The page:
Upon returning from the Rwanda Massacre, U.S. Ambassador Robert Seiple said, “There are no categories to express such horror. Someone used the word ‘bestiality’—no, that dishonors the beasts. Animals kill for food, not for pleasure. They kill one or two prey at a time, not a million for no reason at all.”

In 1999, a reporter for U.S. News & World Report penned ominous words that today seem to have been prophetic.  But, more likely, her insights were based on unbiased observation of world affairs. 

“In looking back at the past 100 years, one thing stands out: Man’s capacity for cruelty seems fairly constant … As the millennium closes, it seems there are more and more random assaults on the anchors of American life: offices, schools, post offices. Some fear terrorism too, is the wave of the future — the targeting of American fortresses by crazed militia groups or by international madmen seeking redress with powerful bombs. Crime experts worry that someday we might see the frightening brand of overseas terrorism that has so far eluded us: suicidal fanatics bent on destruction” ( Angie Cannon, U.S. News & World Report, Dec. 6, 1999).

I’d like to say that things have changed and the world is a safer place but this simply isn’t true. Each day many dangers affect or threaten all areas of life: physical, intellectual, moral, spiritual, social, and ecological. We live in a world full of unsafe people and dangerous places. We have good reasons for being concerned about our personal, local, national and international security.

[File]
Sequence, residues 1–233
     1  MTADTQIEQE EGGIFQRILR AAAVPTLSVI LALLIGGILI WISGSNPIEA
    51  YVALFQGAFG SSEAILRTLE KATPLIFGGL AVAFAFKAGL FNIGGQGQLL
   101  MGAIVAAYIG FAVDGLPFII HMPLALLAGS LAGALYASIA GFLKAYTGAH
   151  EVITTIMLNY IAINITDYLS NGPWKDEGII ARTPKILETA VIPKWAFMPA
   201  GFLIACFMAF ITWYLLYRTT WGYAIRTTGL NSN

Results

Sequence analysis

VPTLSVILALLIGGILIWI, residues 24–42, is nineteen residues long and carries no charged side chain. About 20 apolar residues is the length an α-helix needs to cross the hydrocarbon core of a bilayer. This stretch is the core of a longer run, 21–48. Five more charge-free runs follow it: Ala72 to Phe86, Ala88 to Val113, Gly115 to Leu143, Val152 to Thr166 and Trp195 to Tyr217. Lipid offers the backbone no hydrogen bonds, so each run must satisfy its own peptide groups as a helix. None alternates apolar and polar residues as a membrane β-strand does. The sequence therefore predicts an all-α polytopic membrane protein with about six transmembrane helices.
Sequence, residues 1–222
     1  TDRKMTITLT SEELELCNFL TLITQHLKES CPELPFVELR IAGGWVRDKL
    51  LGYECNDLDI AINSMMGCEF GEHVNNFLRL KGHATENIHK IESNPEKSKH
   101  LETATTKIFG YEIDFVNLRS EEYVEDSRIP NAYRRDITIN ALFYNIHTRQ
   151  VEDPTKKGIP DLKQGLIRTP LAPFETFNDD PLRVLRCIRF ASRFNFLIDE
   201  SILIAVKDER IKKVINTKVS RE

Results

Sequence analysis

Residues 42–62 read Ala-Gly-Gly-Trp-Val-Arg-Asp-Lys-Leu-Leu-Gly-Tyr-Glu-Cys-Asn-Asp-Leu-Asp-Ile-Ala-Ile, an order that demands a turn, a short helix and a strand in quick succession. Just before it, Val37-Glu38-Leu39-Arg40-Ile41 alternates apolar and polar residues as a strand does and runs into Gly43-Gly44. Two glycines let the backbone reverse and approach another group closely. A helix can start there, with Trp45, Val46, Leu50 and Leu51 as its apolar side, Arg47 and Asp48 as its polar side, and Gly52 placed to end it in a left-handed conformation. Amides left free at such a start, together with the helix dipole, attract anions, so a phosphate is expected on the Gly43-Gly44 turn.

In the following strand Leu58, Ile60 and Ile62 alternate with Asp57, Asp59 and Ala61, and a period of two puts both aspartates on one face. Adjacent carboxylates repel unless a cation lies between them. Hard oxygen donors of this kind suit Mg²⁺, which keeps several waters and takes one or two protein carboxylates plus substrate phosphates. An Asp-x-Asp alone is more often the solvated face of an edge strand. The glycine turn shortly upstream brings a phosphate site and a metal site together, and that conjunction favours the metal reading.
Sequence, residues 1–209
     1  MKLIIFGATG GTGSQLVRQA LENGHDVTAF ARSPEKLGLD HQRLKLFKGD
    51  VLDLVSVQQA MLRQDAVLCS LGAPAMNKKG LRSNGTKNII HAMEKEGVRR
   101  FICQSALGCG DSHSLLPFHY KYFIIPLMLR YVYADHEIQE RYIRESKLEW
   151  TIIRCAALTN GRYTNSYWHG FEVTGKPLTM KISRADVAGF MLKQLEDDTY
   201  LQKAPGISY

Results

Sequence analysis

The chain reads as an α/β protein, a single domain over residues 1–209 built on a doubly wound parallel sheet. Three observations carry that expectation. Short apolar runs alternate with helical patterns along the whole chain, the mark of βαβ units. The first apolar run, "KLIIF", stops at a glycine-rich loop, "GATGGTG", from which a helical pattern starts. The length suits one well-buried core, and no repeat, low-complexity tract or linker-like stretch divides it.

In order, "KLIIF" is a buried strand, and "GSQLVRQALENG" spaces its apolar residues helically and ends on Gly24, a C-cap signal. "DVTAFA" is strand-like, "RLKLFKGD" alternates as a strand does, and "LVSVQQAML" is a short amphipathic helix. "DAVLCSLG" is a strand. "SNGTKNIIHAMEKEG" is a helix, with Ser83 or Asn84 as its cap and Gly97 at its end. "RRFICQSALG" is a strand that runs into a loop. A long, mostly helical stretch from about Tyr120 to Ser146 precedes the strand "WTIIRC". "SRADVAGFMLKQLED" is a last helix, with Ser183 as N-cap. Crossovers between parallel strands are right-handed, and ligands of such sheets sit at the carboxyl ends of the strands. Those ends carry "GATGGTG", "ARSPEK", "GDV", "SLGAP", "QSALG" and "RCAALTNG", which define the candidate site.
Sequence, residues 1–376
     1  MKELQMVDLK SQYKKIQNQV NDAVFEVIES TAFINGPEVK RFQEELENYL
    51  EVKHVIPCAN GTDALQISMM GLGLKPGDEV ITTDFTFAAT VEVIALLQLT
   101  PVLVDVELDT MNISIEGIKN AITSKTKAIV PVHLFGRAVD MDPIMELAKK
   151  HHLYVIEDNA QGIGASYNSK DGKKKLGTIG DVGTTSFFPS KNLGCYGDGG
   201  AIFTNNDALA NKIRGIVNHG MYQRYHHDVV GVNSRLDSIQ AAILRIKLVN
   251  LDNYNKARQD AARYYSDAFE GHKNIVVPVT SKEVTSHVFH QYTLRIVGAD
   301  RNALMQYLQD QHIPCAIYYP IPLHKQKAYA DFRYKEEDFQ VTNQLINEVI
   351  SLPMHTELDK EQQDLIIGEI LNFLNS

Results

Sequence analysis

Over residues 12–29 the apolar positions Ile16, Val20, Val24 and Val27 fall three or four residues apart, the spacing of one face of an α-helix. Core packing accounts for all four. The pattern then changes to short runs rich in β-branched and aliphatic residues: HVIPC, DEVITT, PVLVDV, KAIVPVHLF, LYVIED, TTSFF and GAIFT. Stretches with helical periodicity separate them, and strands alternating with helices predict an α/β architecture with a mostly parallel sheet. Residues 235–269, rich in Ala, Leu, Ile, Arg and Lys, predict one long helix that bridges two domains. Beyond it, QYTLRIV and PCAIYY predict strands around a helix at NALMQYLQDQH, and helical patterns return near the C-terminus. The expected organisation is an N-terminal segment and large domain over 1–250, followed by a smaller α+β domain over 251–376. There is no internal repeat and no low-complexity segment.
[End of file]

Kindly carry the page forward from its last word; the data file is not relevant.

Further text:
“Peace,” one suggested, “is that glorious moment in history when everyone stops to reload.” 

A Savior is needed

Some still consider it quaint or even antiquated to suggestion that humanity needs a Savior. This view became popular in 1973 with the promotion of the Humanist Manifesto II. The document was signed by scholars from universities around the world — considered the basis for public education. Consider some of the affirmations:

“Human life has meaning because we create it and develop our futures… We strive for the good life here and now.”

“As in 1933, humanists still believe that traditional theism, especially faith in the prayer-hearing God, assumed to live and care for persons, to hear and understand their prayers, and to be able to do something about them, is an unproved and outmoded faith. “Salvationism, based on mere affirmation, still appears as harmful, diverting people with false hopes of heaven hereafter. Reasonable minds look to other means for survival.”

The disappointment in Manifesto I and II is the absence of recommendations for this “other means for survival.” The ambiguous language of social idealism only produced statements like this:

“Humanity, to survive, requires bold and daring measures. We need to extend the uses of scientific method, not renounce them, to fuse reason with compassion in order to build constructive social and moral values. “

The events and changes in our world since 1973 make this statement appear to be “an unproved and outmoded faith … diverting people with false hopes.” It seems far more honest and realistic to admit that we need a Savior. We also need to look back to our beginning to understand our deepest problem.